By default the wizard selects D8s v3 VM’s for deployment. Right now that is ~$330/month per VM, plus networking/storage costs. You can select different types of VM’s, such as compute or memory optimized as your needs and budget require.
With the size of the VM you’ve choosen, the usage profile and number of users inputted the wizard will math out how many VM’s will be required to support that workload. There isn’t any additional buffer included other than what may be extra just to how the users to vCPU calculations compute out.
For example, if you do a light profile for 500 users on D8s v3 VM’s the wizard will want to deploy 11 VM’s, totalling 88 vCPU’s. 500 users, divided by 6 users/vCPU is 84 vCPU’s rounding up, giving 4 extra cores. In the event that a VM goes down with all users online, there would be a resource outage.
The last important piece on this step is the VM name prefix, this is in place to prevent name collision in AD/WVD. Anything you provide here will have a ‘-#’ appended to it. For example ‘wvdvm’ becomes ‘wvdvm-0’ and ‘wvdvm-1’.
Step 3 are the VM configuration settings. This is where you can choose what OS you want to deploy, and how/where you want it deployed. The quickest way to get started is deploying either the Windows 10 or Server 2016 images from the Gallery. Additonally, you can deploy an image from a VHD you have on blob storage or from a Managed Azure Instance. This is how you’d deploy custom applications if you’re going that route.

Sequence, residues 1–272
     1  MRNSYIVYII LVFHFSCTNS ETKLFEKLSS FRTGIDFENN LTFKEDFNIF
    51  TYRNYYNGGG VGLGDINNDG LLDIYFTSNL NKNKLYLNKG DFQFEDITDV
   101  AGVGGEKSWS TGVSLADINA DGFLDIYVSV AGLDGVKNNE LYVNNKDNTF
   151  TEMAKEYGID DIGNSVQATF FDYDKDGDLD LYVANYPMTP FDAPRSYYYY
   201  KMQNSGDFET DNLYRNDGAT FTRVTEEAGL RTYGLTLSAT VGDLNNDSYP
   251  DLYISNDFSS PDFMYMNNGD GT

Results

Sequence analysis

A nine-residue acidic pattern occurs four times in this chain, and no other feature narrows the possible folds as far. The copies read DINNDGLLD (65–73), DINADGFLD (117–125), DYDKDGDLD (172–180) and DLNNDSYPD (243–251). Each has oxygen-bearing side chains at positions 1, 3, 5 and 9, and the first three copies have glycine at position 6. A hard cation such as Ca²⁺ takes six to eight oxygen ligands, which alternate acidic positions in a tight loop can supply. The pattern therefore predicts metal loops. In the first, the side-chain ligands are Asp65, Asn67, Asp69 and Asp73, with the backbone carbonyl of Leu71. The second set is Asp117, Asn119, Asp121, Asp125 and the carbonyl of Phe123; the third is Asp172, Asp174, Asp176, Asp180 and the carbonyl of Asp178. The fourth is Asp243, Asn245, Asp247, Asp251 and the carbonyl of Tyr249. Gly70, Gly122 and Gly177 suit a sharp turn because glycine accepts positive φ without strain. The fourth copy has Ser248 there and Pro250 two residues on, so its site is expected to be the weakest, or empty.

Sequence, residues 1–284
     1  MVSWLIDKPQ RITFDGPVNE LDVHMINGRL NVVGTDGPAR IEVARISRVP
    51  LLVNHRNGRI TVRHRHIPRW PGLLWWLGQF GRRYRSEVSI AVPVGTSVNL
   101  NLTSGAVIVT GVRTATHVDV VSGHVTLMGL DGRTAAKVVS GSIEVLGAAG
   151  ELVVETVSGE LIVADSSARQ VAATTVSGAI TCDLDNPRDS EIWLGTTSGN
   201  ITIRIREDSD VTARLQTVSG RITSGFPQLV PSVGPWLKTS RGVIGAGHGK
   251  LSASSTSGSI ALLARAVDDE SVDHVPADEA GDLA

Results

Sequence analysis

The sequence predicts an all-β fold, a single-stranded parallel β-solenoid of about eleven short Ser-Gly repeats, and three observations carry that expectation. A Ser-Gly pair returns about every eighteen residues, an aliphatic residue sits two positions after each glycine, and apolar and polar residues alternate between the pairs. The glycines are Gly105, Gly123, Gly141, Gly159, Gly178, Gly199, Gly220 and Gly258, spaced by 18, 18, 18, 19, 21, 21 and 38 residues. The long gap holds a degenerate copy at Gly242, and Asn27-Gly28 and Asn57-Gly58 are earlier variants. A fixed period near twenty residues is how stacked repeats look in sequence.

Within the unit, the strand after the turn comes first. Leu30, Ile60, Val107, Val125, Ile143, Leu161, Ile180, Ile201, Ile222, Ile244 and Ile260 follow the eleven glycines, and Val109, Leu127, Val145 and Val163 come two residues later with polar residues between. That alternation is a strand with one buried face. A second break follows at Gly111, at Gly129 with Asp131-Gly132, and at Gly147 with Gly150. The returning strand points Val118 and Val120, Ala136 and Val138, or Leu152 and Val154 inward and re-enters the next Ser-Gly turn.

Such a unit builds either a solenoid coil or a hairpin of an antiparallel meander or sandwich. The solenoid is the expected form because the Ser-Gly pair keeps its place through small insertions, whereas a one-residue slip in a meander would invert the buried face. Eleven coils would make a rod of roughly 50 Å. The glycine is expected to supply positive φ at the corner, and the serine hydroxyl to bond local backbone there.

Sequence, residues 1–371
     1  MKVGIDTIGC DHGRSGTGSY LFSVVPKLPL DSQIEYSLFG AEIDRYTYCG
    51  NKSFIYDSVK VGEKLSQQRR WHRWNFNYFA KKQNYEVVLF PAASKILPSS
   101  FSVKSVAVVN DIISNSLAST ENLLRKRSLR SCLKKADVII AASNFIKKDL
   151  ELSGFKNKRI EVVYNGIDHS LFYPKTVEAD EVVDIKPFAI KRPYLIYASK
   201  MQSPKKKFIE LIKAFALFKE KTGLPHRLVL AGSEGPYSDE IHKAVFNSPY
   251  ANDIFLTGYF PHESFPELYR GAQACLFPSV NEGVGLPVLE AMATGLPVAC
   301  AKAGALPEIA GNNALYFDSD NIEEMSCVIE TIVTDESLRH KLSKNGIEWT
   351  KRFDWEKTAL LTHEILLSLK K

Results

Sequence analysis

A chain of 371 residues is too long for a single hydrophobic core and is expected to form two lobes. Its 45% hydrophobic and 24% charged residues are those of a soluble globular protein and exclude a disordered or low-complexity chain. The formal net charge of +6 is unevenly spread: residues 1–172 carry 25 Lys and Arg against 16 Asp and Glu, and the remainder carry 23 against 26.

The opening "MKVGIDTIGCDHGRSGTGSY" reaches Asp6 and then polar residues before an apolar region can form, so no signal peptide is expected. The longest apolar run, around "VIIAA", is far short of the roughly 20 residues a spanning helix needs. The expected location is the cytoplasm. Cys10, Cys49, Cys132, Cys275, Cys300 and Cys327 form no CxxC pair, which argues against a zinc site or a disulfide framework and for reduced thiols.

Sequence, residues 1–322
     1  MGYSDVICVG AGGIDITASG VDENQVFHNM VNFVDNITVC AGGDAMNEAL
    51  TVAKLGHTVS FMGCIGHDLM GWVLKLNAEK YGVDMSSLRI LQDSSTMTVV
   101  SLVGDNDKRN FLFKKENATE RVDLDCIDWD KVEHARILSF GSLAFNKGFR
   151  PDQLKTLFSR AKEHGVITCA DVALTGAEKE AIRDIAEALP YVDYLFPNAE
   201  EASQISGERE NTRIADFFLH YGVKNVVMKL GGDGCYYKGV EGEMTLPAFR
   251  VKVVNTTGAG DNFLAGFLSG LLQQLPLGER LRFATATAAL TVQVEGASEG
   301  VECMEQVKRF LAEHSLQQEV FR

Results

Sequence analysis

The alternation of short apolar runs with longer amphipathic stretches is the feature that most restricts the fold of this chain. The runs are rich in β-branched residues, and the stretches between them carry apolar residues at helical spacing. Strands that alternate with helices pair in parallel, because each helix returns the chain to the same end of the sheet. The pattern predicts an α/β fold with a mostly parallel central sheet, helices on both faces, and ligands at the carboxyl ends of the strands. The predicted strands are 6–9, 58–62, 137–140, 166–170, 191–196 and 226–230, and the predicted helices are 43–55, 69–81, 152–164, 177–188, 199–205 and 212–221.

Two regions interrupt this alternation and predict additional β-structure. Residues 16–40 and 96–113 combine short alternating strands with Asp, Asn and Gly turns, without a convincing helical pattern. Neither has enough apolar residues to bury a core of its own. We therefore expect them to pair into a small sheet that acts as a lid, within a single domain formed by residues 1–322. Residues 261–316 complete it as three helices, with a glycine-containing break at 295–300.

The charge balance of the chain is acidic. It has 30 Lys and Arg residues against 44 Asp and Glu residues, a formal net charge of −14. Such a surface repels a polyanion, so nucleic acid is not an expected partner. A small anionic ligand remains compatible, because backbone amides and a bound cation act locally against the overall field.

Next, select the disk type, provide a UPN to perform the domain-join, provide a specific OU for the computers to join if you’d like and select the Azure vNet and subnet for the VM’s to reside on.
The ‘gotchas’ in this section are ensuring you provide a domain-join account as a UPN, not as a ‘Contoso\Admin’ format as you may be used to. In addition to that the wizard by default wants to create a new vNet. Do not do this. The VM’s have to have the ability to talk to Active Directory services. If you create a new vNet then these machines will not be able to talk to your domain services and the deployment will fail. They can be on different subnets but if you deploy to a new vNet the deployment fails. By default there is not vNet to vNet traffic allowed.
Step Four is authentication to Windows Virtual Desktop. Leave the tenant group name default, provide the tenant name you created earlier in powershell and change RDS owner from UPN to Service Principal. This is where you provide the App ID, password and AAD tenant ID info we saved earlier.
Step Six is just a summary of the info you’ve provided so far, this is your chance to review all the settings you’ve provided. The first time you run this it may take a few minutes for the summary page to complete loading so you can proceed. This is so any needed resource providers that are needed but you don’t have in place can be registered.
Once validation has passed and you’re happy with the settings click ok.